Making Pierre Menard author of the Quixote: critics, creators, and context in Borges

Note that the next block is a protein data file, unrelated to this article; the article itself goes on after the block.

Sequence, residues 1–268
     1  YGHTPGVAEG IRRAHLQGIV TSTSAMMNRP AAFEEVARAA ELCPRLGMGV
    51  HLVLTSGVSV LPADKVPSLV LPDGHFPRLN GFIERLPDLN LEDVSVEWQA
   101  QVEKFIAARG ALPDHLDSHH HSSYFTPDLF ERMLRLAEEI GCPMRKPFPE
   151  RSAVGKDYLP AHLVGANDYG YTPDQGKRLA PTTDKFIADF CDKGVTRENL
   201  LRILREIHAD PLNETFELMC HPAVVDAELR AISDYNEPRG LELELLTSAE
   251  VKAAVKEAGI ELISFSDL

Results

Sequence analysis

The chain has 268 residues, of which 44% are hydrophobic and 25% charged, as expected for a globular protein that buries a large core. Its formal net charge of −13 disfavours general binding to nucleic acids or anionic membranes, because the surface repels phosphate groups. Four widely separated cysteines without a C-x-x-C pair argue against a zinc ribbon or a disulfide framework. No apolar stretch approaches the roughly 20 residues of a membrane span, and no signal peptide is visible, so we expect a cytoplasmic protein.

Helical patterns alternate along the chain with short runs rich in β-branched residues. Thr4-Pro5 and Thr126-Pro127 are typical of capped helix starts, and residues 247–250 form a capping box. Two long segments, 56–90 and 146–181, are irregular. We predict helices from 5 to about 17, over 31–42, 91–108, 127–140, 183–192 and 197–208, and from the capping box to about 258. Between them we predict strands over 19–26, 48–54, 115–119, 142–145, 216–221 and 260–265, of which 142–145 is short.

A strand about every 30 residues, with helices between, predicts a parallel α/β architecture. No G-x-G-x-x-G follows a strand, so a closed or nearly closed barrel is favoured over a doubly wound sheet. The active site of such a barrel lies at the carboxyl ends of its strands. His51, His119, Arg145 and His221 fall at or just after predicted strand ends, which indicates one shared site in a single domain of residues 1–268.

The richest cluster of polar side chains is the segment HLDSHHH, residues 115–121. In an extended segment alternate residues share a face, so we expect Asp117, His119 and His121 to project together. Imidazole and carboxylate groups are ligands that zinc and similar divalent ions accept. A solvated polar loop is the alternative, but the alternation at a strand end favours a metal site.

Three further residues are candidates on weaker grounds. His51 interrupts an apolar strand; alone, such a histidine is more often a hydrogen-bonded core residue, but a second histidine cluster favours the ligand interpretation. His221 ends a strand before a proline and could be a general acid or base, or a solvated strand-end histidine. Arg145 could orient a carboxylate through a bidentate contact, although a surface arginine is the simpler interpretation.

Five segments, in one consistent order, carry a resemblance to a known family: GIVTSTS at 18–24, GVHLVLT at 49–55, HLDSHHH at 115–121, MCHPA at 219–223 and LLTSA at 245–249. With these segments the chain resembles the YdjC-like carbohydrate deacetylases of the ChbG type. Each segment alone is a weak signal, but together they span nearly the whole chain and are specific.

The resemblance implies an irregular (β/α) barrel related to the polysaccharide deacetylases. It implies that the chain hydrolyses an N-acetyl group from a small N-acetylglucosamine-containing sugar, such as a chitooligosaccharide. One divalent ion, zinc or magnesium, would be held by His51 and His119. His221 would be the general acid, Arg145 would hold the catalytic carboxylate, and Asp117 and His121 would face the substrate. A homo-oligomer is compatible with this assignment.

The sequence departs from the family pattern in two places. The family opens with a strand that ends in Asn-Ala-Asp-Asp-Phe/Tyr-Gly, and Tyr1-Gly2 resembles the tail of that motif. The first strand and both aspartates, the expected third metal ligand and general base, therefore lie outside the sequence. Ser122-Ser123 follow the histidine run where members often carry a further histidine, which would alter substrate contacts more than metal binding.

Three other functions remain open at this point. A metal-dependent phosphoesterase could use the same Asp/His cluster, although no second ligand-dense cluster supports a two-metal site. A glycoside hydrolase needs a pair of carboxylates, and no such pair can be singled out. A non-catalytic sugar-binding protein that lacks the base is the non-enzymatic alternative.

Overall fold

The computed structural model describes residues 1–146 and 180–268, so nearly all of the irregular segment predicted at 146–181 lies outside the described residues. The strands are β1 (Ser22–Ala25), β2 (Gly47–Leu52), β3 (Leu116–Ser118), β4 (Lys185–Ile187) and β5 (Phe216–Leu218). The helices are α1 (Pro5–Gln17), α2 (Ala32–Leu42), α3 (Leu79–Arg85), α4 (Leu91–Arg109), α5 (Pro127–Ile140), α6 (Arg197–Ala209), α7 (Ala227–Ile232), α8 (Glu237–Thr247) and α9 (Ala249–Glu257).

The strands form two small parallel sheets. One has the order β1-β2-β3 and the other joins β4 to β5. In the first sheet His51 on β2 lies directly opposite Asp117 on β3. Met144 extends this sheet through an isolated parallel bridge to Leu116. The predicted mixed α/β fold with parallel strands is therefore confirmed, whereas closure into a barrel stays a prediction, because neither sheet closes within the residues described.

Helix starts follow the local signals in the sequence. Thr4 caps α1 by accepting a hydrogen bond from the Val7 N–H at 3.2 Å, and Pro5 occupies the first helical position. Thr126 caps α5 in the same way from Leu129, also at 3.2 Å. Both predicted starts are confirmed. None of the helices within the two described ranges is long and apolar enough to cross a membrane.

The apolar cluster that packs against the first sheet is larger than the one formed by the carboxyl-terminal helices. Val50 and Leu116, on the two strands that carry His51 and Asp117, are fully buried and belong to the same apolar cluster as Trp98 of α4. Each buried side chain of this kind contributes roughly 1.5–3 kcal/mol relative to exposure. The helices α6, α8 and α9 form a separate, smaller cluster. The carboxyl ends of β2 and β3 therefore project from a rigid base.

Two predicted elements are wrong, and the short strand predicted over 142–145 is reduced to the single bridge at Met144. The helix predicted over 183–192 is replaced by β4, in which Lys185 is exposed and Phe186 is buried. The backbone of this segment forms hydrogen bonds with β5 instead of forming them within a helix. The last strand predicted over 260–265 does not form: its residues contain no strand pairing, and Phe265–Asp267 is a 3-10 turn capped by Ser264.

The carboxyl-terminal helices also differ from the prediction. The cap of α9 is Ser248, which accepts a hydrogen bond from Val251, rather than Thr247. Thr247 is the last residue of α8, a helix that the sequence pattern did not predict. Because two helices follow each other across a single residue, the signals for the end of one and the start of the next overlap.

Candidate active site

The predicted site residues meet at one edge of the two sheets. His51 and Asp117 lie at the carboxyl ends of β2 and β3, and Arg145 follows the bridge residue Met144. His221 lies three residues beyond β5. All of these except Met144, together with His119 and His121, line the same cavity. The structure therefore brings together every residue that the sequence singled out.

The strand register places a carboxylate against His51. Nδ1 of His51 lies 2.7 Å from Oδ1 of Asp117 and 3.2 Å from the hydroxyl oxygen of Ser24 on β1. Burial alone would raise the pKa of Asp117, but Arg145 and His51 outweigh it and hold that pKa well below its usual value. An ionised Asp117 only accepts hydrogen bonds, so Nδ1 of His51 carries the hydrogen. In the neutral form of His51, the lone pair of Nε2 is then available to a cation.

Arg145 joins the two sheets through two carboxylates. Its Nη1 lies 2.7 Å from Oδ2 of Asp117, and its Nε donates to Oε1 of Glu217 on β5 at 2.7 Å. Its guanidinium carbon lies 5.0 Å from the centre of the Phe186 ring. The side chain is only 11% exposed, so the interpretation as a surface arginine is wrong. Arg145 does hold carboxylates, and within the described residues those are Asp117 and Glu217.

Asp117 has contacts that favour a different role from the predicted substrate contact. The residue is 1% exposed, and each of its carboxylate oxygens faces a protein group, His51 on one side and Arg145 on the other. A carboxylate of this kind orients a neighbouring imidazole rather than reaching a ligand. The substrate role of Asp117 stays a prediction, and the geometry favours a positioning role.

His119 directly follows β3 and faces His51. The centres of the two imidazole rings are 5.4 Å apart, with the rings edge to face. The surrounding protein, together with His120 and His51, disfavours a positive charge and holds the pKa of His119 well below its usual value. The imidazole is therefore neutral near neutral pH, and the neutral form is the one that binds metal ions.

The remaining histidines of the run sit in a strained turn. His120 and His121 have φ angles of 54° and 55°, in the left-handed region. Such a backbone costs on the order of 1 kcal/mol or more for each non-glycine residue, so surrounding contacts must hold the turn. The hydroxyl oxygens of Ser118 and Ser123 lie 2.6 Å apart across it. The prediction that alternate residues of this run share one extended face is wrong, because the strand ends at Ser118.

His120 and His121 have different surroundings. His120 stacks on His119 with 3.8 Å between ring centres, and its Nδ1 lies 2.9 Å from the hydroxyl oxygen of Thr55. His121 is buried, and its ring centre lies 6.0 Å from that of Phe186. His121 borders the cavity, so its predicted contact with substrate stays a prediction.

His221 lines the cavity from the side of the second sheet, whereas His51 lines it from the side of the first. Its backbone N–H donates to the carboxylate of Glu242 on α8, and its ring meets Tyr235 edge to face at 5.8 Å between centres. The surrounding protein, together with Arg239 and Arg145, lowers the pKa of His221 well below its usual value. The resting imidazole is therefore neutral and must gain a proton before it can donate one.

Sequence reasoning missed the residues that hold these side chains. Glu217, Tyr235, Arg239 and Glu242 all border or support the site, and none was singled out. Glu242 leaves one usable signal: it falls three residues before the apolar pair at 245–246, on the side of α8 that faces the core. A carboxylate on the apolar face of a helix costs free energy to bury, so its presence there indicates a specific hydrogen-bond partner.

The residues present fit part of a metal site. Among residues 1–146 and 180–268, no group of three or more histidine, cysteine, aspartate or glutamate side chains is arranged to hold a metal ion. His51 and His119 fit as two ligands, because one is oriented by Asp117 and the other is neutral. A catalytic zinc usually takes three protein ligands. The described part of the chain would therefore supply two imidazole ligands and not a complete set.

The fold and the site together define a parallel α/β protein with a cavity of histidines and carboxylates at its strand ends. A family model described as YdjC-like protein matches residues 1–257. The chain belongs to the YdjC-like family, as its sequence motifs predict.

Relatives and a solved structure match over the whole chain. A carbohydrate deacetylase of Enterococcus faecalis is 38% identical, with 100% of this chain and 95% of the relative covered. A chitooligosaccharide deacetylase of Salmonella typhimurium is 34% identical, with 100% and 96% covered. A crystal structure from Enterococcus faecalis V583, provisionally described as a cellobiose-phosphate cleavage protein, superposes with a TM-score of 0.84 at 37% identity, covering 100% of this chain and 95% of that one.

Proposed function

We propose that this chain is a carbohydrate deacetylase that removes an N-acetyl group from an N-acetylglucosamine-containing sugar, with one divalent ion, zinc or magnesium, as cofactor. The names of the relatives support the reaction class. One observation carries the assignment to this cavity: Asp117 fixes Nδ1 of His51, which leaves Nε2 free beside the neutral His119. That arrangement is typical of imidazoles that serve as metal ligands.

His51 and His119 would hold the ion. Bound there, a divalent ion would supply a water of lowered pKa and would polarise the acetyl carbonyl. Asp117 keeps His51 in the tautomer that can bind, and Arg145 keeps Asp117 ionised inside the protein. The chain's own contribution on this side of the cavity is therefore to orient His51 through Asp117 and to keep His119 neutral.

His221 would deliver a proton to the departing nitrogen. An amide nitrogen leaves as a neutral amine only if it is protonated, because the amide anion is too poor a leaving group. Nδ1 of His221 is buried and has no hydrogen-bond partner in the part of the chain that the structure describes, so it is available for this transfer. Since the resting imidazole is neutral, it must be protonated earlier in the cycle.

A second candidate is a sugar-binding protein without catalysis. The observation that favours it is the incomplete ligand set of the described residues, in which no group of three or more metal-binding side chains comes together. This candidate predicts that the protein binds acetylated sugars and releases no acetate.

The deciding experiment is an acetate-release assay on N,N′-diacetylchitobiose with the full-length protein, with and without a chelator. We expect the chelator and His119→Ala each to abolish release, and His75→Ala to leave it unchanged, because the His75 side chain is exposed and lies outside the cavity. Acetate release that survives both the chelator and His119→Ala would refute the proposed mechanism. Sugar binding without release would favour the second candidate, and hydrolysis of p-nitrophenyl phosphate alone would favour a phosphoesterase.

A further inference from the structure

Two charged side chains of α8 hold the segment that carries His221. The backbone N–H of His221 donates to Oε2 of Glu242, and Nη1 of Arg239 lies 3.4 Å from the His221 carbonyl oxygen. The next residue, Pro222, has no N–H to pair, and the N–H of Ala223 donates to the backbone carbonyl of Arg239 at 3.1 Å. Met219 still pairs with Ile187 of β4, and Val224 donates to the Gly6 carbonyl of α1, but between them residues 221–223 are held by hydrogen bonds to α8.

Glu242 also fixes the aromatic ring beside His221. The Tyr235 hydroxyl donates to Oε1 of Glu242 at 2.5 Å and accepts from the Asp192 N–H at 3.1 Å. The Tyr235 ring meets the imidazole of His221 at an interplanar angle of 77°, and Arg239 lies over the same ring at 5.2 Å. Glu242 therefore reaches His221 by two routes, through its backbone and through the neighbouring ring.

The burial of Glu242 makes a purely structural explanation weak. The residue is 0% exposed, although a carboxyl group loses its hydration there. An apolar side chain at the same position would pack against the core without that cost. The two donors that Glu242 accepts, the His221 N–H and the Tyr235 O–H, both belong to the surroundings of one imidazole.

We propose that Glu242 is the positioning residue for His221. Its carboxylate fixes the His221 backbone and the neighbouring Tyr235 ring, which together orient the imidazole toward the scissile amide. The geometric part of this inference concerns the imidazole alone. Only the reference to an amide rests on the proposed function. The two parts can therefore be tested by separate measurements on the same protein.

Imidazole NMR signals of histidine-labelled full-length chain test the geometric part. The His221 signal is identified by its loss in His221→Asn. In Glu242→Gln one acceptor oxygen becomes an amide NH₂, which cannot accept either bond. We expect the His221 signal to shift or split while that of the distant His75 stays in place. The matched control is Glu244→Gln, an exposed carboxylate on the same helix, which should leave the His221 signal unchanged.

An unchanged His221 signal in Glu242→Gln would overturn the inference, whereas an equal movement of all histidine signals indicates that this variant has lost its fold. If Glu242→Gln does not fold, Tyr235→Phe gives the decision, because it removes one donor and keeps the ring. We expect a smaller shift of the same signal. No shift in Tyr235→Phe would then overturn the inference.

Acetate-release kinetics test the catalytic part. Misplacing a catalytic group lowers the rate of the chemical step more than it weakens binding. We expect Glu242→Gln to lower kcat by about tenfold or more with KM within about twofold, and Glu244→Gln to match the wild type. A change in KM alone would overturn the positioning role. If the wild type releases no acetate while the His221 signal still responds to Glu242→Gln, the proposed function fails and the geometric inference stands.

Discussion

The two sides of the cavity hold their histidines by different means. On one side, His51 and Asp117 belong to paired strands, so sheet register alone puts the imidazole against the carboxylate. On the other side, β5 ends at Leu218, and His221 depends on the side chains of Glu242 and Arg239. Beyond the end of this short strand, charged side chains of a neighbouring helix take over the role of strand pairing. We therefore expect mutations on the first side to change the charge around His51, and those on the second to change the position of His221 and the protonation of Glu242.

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Though it has not always been so, it is now possible to conceptualize the act of reading as a process in which we necessarily form an interpretation of a piece of literature, and in so doing, create the work, or the meaning of a piece of literature—meaning which is intrinsically tied to both the linguistic event of the work, or its text, and the context out of which our reading has come. For this model, critical theory is greatly indebted to the work of Jorge Luis Borges. The title character of Borges's "Pierre Menard, Author of the Quixote," a minor French Symbolist whose “visible works” can be “easily enumerated,” undertakes a project which fundamentally questions the relation not only of a literary work to its text, but—perhaps more importantly—investigates the processes through which a work comes to be and who may lay claim to it. Though in the end, Menard's project is unfinished, invisible, and, we are informed, impossible, it is nonetheless, from an intellectual point of view, an ambitious scandal: attempting to write the Quixote, a text which has already been written and has, as a context, itself. Menard does not seek to rewrite or duplicate the Quixote, nor to translate it, but to actually produce the Quixote, linguistically identical to Cervantes's seventeenth century Spanish novel but written from the experience of Pierre Menard and attributed to him.